No doubt that McDonagh’s works are less about the dramaturgy behind it and more about the broader theatrical themes of fate, like the drunken lots of Eugene O’Neill’s melodramas but with more dwarfs railing lines of cocaine and talking about race wars. But by this year’s Three Billboards Outside Ebbing, Missouri — his second work set in another fictional American town and by far the one that has garnered him the most acclaim and widespread attention — it had me wondering whether all this was just sloppy writing (the pairing-off of two ancillary black characters is non-negotiably awful) or if it was in fact a choice to continue to strip context out of his stories so that it could allow us to live in the the idea of a violent, Trumpian small-town America. The arc of McDonagh’s moral universe doesn’t bend toward justice; it bends towards violence and retribution. His plays and films are about recognizing the hatred we harbor in our psyches for ourselves and for others. How do you develop a proper context for that?

Sam Rockwell and Frances McDormand face off in Three Billboards Outside Ebbing, Missouri.

Sam Rockwell and Frances McDormand face off in Three Billboards Outside Ebbing, Missouri.

In Three Billboards, the audience is asked to develop pathos for and forgive two people. The first is Mildred (Frances McDormand), whose daughter was, as one of the billboards reads, “Raped While Dying.” The second character is Officer Dixon (Sam Rockwell) a racist clown whose history of “persons of color torturing” and modern-day defenestration of teens has lost him the respect of his fellow officers. Spoilers follow, but after half of his face is burnt off in a fire, the disfigured Dixon now feels that redemption for his sins can come by way of helping Mildred. So, he does some ad-hoc DNA collection in a bar after he overhears a couple guys talking about defiling a burning corpse. The movie has more twists and turns than an entire season of Scandal, and by the end, McDonagh — if not spiritually, then cinematically — puts Mildred and Dixon on equal moral footing. They are on the same path towards justice as they ride off into the sunset to seek out their own.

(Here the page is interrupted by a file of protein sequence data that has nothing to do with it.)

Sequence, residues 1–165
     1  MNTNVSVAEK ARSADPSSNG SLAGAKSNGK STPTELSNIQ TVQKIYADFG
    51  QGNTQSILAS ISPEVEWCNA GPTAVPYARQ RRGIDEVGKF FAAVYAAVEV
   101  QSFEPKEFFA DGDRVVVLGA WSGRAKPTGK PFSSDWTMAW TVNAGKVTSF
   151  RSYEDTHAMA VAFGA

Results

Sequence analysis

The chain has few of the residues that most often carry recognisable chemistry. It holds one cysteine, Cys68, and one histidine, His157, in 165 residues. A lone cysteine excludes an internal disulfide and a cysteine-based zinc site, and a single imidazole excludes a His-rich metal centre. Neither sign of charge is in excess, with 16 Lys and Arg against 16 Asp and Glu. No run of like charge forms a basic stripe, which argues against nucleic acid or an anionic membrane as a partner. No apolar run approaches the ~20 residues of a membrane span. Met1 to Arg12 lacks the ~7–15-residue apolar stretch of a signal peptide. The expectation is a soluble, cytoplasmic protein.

It’s an unsatisfying ending, but McDonagh has never been fond of tidy ones. Just like In Bruges leaves us wondering whether Colin Farrell’s barely redeemed hitman character lives or dies, with Three Billboards, we’re left to ponder the relationship of Dixon and Mildred. McDonagh hastily solves for their sins and virtues, and presents them both as some intellectually balanced equation. It doesn’t reveal anything about the larger systems of justice and redemption — whether a cop who tortured a black prisoner deserves sympathy or the ends to which a grieving mother can seek justice — but rather it feels like McDonagh uses Dixon’s racism and Mildred’s cruelty as a stand-ins for any kind of grand transgression: physical abuse, torture, rape, murder. It’s just another puzzle to try to solve.